The son of a German diplomat – who spent more than 33 years in prison in the US for a double murder he claims he did not commit – has arrived in his home country after being released on parole.
Jens Soering, who was flanked by supporters and reporters after landing in Frankfurt, said it was “the best day of my life”.
“I would never have managed it without these people who supported me for years”, the 53-year-old added, following his deportation.
Since being jailed, many people have campaigned for his release, including crime author John Grisham, Hollywood star Martin Sheen – and police, who have re-examined the evidence using new forensic techniques.
Soering continued: “I have a lot of wonderful friends in America, a lot of them police officers.
“And that’s the only reason I’m here – because so many came forward and investigated this case and found out the truth and they let me go.
“After 33 years, six months and 25 days, to finally, finally be back in Germany – it’s so great”.
He was convicted of murdering the parents of his then-girlfriend, Elizabeth Haysom – a Canadian citizen – in 1985 and was sentenced to life five years later, before being granted parole last month.
Nancy and Derek Haysom’s throats were slashed and they were stabbed nearly 50 times on the outskirts of Lynchburg, Virginia – with the crime attracting national media attention in America.
Their daughter Elizabeth Haysom was serving a 90-year sentence as an accessory, but was also granted parole last month and ordered to be deported after her release.
The pair met when they were students at the University of Virginia – and fled before they became the main suspects.
They were eventually arrested in London – and while Haysom did not fight her extradition, Soering did – and he was only sent back to the US after a four-year legal battle.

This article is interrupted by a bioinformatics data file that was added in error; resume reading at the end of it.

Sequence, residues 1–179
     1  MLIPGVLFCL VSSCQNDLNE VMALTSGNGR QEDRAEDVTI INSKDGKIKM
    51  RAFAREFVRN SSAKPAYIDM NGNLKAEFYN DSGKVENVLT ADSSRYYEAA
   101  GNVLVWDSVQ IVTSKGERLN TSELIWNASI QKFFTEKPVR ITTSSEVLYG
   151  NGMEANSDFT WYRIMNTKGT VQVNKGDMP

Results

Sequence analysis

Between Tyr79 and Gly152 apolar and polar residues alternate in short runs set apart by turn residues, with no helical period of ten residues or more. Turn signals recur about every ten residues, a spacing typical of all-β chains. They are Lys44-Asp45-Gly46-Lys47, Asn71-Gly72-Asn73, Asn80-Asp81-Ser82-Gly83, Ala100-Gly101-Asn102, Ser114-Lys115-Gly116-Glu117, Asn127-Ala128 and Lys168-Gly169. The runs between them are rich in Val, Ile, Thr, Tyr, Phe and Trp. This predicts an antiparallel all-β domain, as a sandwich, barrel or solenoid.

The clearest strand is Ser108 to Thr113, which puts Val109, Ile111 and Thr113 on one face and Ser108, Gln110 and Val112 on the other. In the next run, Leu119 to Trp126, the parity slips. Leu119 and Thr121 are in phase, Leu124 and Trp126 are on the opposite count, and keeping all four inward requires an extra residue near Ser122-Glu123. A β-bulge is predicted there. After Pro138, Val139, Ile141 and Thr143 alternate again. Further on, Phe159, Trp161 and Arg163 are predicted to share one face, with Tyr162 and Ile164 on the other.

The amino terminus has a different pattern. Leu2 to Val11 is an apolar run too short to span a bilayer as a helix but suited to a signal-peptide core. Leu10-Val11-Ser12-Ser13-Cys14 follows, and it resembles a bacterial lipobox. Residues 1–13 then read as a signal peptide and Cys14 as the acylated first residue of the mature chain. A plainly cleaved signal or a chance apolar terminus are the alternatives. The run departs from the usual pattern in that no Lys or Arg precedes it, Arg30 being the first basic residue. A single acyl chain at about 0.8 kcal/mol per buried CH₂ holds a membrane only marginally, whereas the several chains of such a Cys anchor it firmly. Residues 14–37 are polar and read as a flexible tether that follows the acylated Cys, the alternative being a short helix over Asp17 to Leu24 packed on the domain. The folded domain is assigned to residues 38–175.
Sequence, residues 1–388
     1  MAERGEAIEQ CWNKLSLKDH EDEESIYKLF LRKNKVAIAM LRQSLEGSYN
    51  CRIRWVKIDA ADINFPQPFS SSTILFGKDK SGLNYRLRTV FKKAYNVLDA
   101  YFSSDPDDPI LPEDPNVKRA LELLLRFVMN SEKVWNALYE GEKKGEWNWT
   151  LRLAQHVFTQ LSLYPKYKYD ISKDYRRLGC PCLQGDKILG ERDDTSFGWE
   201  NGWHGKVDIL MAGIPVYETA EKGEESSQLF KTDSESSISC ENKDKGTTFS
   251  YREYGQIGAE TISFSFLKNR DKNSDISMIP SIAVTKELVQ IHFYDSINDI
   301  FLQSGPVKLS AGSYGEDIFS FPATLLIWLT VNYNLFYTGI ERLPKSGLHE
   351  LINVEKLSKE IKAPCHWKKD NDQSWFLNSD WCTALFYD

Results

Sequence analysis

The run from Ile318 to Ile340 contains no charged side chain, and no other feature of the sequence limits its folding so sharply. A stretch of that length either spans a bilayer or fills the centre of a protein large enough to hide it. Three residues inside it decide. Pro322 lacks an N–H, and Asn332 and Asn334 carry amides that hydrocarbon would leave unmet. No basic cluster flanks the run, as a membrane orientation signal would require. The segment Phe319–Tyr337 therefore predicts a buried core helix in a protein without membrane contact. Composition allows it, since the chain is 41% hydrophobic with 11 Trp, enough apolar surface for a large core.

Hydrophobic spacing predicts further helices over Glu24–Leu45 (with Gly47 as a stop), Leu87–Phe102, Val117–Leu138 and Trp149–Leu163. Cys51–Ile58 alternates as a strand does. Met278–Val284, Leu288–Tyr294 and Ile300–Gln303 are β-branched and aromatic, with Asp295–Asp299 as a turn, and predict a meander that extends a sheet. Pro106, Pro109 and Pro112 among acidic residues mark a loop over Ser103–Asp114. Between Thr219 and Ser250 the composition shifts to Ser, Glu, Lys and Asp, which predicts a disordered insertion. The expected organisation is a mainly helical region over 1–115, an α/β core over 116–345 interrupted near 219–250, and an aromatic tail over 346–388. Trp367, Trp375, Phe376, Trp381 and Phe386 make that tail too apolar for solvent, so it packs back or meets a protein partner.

During his 1990 trial – one of the first to be televised live – Haysom testified against him, telling the court she manipulated him into committing the murders because her parents wanted to end their daughter’s relationship with him.
To this day, he has maintained that Haysom was to blame and that she had only told him about what happened after their deaths.
Mr Soering – who was serving a life sentence in Virginia – had 14 previous parole attempts rejected.
He had also petitioned for a pardon many times – and in his applications, he and his lawyers said DNA evidence, unavailable at the time of his conviction, pointed to his innocence.
The DNA analyses showed that some of the Type O blood found at the scene did not belong to him – nor could it have belonged to Haysom, who has Type B blood.
Soering has suggested in many interviews that Haysom must have got others to help in the killings.
He initially confessed to the murders, but later said he only did so because he thought his father’s status as a diplomat would provide him immunity in the US.
He also believed that he would serve a short juvenile sentence in Germany while sparing Haysom the possibility of the electric chair.
Among those meeting him at the airport was Peter Beyer, a member of Chancellor Angela Merkel’s party and the government’s coordinator for trans-Atlantic relations.
Soering’s mother died while he was in prison – and he has said he is now estranged from his father.
He did not reveal where he planned to live in Germany and did not take questions at the airport.
He asked reporters to respect his privacy for the next few weeks while he tries to settle back into society.